As national labor talks are quickly approaching, the UAW is seeking to resolve a grievance that almost nearly 35,000 workers signed against Ford for restoring merit pay for salaried workers in 2010.
These Ford workers, who haven’t received a raise in years, hope to resolve the matter soon. The Free Press made this report based on a summary of a UAW meeting that took place in late May.
However, several UAW leaders told the Free Press that the matter would only have to be resolved before a national contract is sent to members for a vote.
Talks will begin in July between Ford and the UAW to replace a four-year labor contract that expires on Sept. 14. The report stated that Detroit attorney David Grissom had been selected as an arbitrator to help the UAW and Ford settle the issue.
The conflict started in 2010 when Ford chose to reinstate the merit pay raises and 401(k) matches only for its salaried workers, and not its hourly workers. Since that time, almost 35,000 UAW members have signed grievances.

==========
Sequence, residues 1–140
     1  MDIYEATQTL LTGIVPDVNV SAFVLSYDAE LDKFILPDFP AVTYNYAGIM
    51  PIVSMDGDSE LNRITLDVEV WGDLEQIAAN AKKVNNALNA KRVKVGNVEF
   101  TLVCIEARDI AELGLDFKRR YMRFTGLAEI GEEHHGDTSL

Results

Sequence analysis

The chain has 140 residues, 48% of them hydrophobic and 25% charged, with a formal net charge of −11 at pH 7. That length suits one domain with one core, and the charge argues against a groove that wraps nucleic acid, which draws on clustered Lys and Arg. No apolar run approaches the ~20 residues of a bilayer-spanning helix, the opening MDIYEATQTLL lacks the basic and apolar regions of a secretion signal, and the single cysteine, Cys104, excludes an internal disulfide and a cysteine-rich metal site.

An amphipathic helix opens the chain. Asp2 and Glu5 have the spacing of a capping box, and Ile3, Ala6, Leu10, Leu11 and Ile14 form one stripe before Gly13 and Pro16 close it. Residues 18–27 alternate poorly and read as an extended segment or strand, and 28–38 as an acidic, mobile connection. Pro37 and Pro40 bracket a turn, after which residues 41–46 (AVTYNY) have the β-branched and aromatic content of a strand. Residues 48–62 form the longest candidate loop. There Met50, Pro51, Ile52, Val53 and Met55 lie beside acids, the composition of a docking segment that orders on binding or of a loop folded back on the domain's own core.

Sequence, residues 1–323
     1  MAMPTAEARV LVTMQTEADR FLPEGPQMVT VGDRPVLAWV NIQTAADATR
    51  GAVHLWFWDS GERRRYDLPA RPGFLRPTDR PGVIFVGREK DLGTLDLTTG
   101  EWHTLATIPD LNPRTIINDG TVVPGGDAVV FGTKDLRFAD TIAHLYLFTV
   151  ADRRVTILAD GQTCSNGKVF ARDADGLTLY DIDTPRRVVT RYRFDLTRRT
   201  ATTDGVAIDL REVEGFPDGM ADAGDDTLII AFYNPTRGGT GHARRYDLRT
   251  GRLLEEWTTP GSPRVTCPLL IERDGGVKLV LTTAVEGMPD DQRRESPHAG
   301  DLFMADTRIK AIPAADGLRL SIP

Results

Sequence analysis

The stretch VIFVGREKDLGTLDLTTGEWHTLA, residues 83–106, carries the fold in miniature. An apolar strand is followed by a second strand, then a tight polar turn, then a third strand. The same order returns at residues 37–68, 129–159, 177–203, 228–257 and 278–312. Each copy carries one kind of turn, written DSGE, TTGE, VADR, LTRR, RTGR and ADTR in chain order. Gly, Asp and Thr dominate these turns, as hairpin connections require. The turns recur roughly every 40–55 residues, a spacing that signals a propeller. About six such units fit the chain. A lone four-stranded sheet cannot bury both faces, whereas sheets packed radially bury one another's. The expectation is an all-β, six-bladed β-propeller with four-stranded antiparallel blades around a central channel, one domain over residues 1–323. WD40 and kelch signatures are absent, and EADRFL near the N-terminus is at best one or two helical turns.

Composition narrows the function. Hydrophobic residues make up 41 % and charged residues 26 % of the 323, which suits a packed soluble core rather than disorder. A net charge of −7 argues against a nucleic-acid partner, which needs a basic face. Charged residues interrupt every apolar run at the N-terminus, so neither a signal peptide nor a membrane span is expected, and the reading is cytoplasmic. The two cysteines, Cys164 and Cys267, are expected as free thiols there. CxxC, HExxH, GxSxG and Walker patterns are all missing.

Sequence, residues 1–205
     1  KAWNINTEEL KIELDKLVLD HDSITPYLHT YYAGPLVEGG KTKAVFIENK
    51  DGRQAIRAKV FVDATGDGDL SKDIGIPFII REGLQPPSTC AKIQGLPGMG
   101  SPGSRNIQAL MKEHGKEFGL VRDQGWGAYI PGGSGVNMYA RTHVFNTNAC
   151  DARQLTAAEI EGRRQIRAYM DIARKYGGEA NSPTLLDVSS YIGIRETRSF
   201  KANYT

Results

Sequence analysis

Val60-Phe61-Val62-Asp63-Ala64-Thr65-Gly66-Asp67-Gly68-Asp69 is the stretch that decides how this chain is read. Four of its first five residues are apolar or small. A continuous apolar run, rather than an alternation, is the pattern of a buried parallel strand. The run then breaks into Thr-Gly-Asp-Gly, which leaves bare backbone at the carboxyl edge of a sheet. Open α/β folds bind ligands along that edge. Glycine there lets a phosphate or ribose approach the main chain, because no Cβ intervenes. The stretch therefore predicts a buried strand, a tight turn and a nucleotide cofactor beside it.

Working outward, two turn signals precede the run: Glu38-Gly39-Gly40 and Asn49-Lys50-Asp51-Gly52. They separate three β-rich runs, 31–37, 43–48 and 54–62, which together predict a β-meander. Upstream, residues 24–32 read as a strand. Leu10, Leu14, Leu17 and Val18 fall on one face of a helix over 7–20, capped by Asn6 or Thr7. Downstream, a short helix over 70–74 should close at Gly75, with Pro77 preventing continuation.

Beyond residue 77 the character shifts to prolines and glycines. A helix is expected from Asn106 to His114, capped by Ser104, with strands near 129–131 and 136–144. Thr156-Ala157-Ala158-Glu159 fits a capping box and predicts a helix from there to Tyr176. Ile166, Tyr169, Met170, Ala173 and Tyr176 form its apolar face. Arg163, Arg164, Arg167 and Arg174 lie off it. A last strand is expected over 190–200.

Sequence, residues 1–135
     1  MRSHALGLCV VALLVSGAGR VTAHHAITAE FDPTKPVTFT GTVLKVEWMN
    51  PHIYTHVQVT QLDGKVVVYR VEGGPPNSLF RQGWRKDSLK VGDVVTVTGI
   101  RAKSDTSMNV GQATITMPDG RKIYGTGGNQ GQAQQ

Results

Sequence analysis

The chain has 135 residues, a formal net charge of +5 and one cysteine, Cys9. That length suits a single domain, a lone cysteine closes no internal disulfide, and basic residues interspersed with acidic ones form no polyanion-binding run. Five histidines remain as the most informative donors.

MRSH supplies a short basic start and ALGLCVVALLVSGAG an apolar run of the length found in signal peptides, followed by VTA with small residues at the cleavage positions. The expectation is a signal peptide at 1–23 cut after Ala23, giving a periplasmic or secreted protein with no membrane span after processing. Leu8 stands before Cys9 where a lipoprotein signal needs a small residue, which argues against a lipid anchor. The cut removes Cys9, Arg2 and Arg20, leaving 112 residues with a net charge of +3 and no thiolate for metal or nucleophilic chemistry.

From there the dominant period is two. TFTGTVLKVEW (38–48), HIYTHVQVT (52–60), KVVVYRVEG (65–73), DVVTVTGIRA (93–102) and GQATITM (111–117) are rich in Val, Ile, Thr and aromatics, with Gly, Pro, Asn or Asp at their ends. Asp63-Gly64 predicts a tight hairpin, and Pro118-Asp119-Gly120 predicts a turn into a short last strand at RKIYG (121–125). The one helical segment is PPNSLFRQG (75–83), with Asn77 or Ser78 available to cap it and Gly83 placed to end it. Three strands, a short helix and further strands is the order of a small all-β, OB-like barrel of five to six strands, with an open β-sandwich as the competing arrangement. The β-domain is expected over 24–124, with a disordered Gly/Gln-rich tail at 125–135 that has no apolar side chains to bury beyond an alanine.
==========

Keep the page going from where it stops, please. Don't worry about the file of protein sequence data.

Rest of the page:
As of the end of 2010, Ford had about 40,600 hourly workers in the U.S. The union asserts that Ford's move was in violation of a provision in the current contract that demands that all of Ford's stakeholders have to make equal sacrifices so that Ford’s finances get on solid footing once again.
In the last two years, Ford has earned a combined $9.28 billion. It gave profit-sharing checks to its hourly workers. It averaged $450 for each worker for 2009 while it gave $5,000 to each for 2010.